It seems so long ago, those Plan Commission and Zoning Board of Appeals hearings in Brookfield a decade or more ago. They are remembered, well, not fondly.
There were development proposals, eventually ditched, that made no sense, like the huge condo buildings pitched at 31st and Prairie and in the 8500 block of Brookfield Avenue.
There were developments that made some sense but couldn’t conform to the zoning code, like Steve Campbell’s six-story condo building near the Congress Park train station that required – and got – 11 zoning variations before he sold the property and the zoning rights at a huge profit to someone who ended up losing the land to foreclosure.
There were developments that didn’t quite make sense from a design standpoint but were approved anyway, like the townhomes at Eberly and Shields, shoehorned into the site and facing their backs to Eberly Avenue.
And there were projects that might have worked, like a mixed-use development on Grand Boulevard that was scuttled over parking and density.
There were more: The Forest Creek condos, built only after the whole project went into receivership during the crash; a doomed proposed townhome development in the 3700 block of Sunnyside Avenue.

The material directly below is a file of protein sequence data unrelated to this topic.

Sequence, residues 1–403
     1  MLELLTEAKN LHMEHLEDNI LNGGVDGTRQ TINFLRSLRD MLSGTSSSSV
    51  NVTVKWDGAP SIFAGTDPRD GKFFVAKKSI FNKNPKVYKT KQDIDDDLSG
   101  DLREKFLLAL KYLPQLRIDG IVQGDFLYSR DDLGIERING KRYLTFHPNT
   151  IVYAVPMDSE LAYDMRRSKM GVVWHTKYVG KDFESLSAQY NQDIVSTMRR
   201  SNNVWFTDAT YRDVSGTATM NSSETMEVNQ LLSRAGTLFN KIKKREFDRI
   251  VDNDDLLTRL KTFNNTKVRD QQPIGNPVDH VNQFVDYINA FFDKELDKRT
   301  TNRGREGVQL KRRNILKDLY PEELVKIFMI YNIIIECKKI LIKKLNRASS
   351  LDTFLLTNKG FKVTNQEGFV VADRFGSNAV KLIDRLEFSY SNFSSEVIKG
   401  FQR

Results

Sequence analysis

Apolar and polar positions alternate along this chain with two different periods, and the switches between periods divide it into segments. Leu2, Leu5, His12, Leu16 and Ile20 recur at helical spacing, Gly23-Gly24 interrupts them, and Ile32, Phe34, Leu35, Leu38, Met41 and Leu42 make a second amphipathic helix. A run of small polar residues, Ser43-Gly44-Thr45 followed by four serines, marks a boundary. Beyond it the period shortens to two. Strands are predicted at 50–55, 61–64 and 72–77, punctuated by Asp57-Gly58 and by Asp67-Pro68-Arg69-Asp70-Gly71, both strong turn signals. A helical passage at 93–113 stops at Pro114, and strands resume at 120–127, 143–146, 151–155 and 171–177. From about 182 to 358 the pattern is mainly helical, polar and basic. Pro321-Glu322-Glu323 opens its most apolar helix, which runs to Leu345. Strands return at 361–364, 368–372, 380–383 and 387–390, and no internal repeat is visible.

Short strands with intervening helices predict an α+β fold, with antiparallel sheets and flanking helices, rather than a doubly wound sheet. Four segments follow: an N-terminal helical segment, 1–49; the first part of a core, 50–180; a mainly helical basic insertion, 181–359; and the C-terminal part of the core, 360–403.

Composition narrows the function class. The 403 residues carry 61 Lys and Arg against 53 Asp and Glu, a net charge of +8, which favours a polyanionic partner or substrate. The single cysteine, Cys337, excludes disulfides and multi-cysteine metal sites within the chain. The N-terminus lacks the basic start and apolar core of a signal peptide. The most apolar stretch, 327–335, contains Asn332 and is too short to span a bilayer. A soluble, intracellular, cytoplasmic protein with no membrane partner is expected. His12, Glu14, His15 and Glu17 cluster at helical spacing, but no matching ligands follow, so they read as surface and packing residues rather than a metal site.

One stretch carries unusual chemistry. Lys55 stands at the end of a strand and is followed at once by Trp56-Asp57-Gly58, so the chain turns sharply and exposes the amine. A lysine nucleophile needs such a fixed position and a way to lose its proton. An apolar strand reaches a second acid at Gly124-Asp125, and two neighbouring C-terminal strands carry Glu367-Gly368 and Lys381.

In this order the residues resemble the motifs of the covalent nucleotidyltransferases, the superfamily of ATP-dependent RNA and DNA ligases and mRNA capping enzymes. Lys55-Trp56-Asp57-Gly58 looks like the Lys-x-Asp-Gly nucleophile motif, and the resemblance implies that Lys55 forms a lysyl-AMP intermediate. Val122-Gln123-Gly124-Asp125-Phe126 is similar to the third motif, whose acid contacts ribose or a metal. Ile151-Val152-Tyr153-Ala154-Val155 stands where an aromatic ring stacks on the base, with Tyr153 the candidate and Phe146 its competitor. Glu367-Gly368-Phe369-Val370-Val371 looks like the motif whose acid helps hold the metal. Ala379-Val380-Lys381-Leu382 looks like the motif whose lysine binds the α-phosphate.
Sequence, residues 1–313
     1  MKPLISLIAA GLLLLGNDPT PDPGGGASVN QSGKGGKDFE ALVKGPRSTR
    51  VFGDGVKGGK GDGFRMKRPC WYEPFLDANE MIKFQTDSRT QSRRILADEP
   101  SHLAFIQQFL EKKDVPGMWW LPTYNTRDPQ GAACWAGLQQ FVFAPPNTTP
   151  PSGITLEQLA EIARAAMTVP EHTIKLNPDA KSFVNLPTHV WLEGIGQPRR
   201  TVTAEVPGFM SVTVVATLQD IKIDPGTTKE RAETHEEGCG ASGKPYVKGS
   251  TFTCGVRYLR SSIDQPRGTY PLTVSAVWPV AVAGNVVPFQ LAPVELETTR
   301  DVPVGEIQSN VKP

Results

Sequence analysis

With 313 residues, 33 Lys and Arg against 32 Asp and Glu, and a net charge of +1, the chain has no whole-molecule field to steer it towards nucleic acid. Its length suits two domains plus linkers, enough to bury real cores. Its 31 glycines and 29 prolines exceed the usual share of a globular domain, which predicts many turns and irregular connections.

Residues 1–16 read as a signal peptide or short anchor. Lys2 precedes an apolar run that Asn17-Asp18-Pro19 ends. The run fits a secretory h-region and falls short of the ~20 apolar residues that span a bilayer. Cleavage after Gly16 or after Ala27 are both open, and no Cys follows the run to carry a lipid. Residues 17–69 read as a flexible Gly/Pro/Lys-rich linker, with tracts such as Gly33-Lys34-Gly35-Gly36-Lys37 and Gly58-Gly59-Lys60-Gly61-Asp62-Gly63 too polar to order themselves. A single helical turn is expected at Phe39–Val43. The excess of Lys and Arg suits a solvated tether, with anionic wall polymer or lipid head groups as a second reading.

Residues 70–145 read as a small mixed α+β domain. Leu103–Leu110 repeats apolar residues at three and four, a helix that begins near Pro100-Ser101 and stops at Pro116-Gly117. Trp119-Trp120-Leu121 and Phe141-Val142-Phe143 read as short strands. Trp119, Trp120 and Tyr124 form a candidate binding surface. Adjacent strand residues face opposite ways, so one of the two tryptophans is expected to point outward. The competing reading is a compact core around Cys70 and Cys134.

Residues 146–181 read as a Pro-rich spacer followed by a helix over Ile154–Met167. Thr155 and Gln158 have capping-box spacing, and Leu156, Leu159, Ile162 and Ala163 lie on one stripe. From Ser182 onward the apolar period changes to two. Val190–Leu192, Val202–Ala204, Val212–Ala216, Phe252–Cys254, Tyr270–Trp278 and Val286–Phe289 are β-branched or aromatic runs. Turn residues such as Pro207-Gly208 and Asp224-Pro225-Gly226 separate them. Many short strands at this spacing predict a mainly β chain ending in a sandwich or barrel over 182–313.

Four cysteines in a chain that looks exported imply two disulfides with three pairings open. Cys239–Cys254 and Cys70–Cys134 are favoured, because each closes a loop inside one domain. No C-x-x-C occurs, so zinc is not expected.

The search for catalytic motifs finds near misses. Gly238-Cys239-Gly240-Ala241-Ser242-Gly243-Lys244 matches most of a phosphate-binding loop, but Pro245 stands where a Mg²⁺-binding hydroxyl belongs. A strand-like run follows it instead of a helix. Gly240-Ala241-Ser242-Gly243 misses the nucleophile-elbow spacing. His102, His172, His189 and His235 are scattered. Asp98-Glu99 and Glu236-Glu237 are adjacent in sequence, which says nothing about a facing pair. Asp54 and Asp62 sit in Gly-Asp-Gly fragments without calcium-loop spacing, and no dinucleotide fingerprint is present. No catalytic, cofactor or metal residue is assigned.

The process that resulted in the townhomes and a handful of single-family homes on the former Buresh Lobster House property was absolutely surreal.
Development projects prior to 2007 were coming at Brookfield planning commissioners and the village board from all angles, and the village had a zoning code and planning process that was completely inadequate to address them properly.
Even after the village adopted its 2020 Master Plan in 2004, its recommendations regarding planning and zoning were left unimplemented.
Last week when village officials rolled out a major revision of its zoning code for the areas near the three village train platforms, there was some trepidation. Many of the folks who attended the town hall had been through some of the development wars of the early 2000s and they were leery.
“Just what does this mean?” some openly wondered. “Will this allow the village to push through monstrous developments without public scrutiny?”
But the point of the new zoning code, and we hope the rest of the village’s zoning issues are addressed in the crafting of a new comprehensive plan next year, is not to give local government a tool to provide handouts to developers.
The point is to avoid poorly designed developments that no one really wants. Instead of engaging in an approval process that is both interminable and results in less-than-optimal designs, the point of the new code is to say to developers, “Look, this is what Brookfield wants. Make your development conform to this vision.”
It’s a big change. There apparently won’t be the kinds of public planning and zoning reviews that take place now. Village planning staff and the manager’s office will evaluate proposals in terms of the way the plans meet the written code, which include everything from density, height and setback requirements to design standards, building materials and landscaping.
It’s a code where trust is paramount and where buy-in from the village as a whole is necessary.